A greener shade of “green”
Spending time outside tending your landscape is a satisfying way to improve our health and that of our surroundings. However, when water, fertilizer and pesticide use gets factored in, how environmentally friendly is our yard? Well, it turns out that, by applying some basic principles you can reduce the need for these inputs, and yards can become shady “green” oases which pay off in unexpected ways.
When it comes to sustainability, not all landscapes are created equal. A healthy and diverse yard contains several “layers.” At ground level there is soil, mulch, and ground-cover. The mid-level contains herbaceous and shrub layers. Above head-height, there are canopy and understory trees. This “layering” makes for an interesting, diverse and healthy yard-ecosystem.
The point is not to simply fill space with vegetation, but to create a diversity of habitats that provide niches for microbes, insects, birds and other animals.
Consider the traditional “mow-and-blow” yard with a foundation planting of shrubs, an expanse of lawn and maybe a tree or two near the edge of the property. What sorts of habitats are available in this setting for predatory insects? Those shrubs likely have a buffet of tasty aphids, mites, miners and scales, but any predator arriving at the feast won’t stay long without conditions favorable to its own life-cycle.
Without natural predators, the solution to the problem most often comes in a bottle, which in turn reduces biodiversity by killing off insects indiscriminately (the harmful and the beneficial). The idea that chemical use can be reduced in functionally diverse landscapes isn’t new. It’s part of a broader concept known as “integrated pest management”, which is slowly catching on as the unintended consequences of pesticide use become more obvious and consumers demand safer alternatives.
Starting from the ground up, healthy soil is full of living organisms and is the keystone to healthy plants. Improvements will have long-term benefits and are easy to achieve by increasing organic content through compost and organic mulch applications. They increase water infiltration, holding and availability rates, while improving drainage, pore space and rooting depth potential. They also boost nutrient availability and general soil health, ultimately reducing or eliminating the need for fertilizer.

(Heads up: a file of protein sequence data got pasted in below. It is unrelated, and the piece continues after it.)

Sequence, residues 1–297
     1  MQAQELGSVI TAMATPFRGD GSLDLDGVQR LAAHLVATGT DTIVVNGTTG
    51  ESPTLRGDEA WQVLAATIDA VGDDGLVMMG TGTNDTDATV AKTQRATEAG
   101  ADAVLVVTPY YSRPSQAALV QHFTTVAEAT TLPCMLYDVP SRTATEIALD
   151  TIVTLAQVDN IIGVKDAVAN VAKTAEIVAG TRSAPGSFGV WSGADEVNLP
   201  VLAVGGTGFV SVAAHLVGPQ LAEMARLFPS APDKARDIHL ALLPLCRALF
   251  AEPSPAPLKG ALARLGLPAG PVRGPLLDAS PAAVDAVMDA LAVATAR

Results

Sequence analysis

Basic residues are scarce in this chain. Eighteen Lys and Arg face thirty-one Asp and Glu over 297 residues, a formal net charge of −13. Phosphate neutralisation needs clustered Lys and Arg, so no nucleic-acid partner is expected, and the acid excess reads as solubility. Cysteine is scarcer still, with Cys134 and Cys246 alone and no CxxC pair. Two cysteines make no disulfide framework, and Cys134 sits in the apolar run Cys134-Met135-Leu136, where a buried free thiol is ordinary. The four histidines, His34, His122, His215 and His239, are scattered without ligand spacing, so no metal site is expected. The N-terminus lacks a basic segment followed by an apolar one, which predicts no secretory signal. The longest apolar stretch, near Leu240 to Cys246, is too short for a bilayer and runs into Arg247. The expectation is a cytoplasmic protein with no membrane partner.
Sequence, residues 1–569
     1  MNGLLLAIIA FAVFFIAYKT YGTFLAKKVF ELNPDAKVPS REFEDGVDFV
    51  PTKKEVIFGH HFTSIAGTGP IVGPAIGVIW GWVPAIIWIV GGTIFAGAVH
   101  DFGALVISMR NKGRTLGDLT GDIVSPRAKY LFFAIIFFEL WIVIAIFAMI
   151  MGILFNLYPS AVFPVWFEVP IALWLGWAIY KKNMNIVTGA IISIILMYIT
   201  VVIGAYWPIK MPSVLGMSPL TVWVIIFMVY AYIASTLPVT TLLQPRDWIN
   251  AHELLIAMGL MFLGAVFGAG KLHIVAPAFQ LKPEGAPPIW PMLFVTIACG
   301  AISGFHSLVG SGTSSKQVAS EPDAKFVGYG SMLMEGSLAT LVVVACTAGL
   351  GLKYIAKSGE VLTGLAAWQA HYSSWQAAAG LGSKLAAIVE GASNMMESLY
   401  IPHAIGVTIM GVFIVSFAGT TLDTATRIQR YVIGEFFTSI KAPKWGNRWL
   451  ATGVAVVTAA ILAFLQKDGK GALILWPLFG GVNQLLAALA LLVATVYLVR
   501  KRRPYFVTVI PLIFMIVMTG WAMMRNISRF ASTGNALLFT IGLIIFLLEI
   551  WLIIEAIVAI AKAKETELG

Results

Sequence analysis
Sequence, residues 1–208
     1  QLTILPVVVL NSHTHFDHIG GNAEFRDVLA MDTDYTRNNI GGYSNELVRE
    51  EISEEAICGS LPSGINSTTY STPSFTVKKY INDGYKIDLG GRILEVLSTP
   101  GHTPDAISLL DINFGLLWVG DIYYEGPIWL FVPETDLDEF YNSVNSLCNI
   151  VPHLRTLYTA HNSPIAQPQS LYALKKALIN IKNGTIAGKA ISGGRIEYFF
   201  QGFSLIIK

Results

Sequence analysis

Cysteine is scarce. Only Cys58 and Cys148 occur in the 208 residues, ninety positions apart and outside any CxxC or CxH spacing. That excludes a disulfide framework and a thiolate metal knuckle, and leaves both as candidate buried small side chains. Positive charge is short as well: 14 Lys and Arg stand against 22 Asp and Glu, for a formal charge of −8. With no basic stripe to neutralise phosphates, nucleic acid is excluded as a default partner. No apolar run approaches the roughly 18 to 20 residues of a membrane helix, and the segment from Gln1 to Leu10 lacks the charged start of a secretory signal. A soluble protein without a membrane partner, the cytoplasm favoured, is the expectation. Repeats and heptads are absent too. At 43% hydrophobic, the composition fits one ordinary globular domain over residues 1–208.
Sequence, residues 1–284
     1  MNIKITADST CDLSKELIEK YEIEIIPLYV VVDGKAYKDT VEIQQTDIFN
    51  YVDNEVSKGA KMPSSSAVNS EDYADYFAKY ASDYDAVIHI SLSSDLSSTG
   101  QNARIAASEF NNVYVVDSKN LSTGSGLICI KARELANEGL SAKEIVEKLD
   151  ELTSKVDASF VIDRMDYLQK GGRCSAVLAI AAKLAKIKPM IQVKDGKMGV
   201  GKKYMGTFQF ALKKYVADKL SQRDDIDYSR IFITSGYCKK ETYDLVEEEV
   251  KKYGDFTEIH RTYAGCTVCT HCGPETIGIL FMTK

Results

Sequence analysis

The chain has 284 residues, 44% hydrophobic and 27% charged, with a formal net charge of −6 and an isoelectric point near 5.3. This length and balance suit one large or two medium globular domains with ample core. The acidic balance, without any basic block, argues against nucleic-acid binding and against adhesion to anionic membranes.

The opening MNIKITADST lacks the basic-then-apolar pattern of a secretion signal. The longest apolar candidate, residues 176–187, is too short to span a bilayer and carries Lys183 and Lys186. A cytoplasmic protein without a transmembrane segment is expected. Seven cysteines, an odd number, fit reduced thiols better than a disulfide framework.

Be careful not to over-do the mulch. Initial layering can go as deep as three inches, but subsequent applications shouldn’t exceed an inch or two. Once a good layer is established, simply refreshing and raking the surface can dress up a bed without burying your plants.
Another practice we can change is the mis-application of water. As we nervously approach our hot and dry season, I’m reminded of the annual spring migration of plants from the garden centers to our yards. Where did they go? Chances are the locations selected for these plants had more to do with their height, flower and leaf color, or where a blank space existed. Well, here’s another consideration…how much water do they need?
Different plants have different moisture and drainage requirements. Plants placed next to each other should have similar needs. Otherwise, you often maintain one plant at the expense of the other. This grouping concept is called “waterwise” landscape design. There’s lots of information available on this subject, especially from N.C. State Cooperative Extension and Durham’s City/County Planning and Water Management Departments.
Once you get up into the tree layer of the canopy, there are some practices which are more sustainable than others. For example: Never top your trees (and yes, crepe myrtles are trees). Don’t use spikes to access trees for pruning purposes. Do try to match your tree to your site to avoid costly consequences later and, finally, look for native selections when shopping for new trees for your yard.
Alex Johnson is Alex Johnson, urban forestry manager for the City of Durham.